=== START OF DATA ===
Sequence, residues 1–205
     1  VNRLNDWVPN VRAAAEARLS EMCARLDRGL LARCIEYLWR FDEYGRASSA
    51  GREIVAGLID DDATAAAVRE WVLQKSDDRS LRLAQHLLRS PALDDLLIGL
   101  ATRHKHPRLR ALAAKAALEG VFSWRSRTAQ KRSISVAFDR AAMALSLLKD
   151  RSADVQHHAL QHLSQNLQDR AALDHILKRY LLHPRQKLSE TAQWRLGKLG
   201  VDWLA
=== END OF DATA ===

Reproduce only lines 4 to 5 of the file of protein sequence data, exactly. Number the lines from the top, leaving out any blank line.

   101  ATRHKHPRLR ALAAKAALEG VFSWRSRTAQ KRSISVAFDR AAMALSLLKD
   151  RSADVQHHAL QHLSQNLQDR AALDHILKRY LLHPRQKLSE TAQWRLGKLG